Over a decade later, the science advanced dramatically and Goleman’s 2006 book documents some of the critical developments. “I couldn’t have written this book when I wrote emotional intelligence because the science is so new; it didn’t exist in 1995. The field of social neuroscience has only published its first journal in the last few months. And social neuroscience expands the domain of studies from one brain and one body and one person to two or more brains and body and people. In other words, it’s a neuroscience of what happens during interaction. This turns out to be extraordinarily important as an insight and helps us understand the parallel circuitry that handles our relationships.” 

Even remote: Emotion is communicated between individuals and across groups – affecting decision-making, commitment, and performance. Individuals with power and influence have an even larger effect.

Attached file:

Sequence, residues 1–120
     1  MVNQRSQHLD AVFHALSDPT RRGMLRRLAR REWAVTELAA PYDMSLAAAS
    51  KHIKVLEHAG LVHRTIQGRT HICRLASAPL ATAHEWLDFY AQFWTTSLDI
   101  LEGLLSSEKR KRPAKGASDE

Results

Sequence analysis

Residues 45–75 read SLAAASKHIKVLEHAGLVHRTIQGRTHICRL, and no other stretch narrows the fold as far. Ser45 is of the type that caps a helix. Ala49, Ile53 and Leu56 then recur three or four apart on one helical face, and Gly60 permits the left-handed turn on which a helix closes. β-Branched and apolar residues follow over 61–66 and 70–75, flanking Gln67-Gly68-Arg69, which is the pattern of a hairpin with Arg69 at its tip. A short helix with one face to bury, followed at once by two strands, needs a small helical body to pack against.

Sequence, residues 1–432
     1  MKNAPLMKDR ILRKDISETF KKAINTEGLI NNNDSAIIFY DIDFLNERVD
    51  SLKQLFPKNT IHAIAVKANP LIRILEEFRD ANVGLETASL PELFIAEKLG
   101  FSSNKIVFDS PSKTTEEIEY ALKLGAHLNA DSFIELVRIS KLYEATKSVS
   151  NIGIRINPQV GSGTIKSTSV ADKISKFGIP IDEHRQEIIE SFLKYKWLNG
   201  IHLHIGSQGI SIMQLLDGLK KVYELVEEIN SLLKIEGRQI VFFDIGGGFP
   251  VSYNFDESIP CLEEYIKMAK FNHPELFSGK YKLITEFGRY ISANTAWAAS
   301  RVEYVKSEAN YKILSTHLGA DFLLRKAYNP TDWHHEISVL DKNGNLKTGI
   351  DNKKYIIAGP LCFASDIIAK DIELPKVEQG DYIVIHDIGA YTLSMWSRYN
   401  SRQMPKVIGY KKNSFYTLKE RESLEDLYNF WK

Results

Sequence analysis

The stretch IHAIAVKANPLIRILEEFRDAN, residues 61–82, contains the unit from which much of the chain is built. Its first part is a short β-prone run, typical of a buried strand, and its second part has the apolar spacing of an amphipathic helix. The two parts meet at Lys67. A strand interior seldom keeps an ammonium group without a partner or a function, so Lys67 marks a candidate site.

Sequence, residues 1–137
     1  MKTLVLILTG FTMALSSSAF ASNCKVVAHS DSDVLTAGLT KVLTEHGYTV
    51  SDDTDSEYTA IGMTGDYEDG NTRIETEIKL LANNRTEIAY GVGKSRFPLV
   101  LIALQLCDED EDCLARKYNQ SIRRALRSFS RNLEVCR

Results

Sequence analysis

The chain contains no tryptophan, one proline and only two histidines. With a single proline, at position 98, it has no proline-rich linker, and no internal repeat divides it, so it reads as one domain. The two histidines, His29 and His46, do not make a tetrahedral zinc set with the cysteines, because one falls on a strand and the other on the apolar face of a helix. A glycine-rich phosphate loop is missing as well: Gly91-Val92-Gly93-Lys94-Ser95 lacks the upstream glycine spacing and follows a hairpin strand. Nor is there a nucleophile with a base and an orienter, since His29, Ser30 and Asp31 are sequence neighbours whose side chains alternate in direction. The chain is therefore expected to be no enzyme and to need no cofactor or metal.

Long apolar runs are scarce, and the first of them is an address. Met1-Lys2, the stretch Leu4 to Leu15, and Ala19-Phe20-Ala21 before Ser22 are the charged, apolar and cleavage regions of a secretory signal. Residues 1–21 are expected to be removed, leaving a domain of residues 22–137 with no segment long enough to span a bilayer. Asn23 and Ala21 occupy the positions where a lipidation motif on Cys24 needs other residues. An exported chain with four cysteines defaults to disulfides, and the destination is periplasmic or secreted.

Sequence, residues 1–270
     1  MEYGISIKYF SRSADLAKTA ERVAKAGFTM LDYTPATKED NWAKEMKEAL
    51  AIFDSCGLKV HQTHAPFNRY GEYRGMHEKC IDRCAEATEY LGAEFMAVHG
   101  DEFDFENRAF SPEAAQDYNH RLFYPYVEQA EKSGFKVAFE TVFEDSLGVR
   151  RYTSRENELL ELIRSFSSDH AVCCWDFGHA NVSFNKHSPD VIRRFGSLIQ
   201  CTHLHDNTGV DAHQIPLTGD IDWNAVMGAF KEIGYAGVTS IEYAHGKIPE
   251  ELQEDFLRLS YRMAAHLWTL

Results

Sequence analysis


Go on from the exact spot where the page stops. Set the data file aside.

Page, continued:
The Neuroscience of Human Connection

The “parallel circuitry” is a phenomenal discovery that, like some many discoveries, happened by accident. Neuroscientist Giacomo Rizzolatti, MD, and his colleagues at the University of Parma were mapping the brains of monkeys to see how specific areas of the brain function[1].“They were monitoring a cell,” Goleman says, “that only fired when the monkey lifted its arm. One day, the cell fired even though the monkey hadn’t lifted its arm – they realized he was watching a lab assistance eat an ice cream cone. Whenever the human lifted his arm, the monkey’s cell fired.” In other words the neuron was activated as if the money were taking action. “It turns out to be exactly what happens in human brains too. As you see something, it activates that pattern in you.”

We asked Marco Iacoboni, one of the pioneers in Mirror Neuron research, about this origin story. He said that there was indeed a monkey… and graduate students found a reading their professor did not believe. Everyone “knew” how motor neurons work… and finding the mirror neurons was a huge surprise. This structure, Iacoboni says, might just be the neural basis of empathy.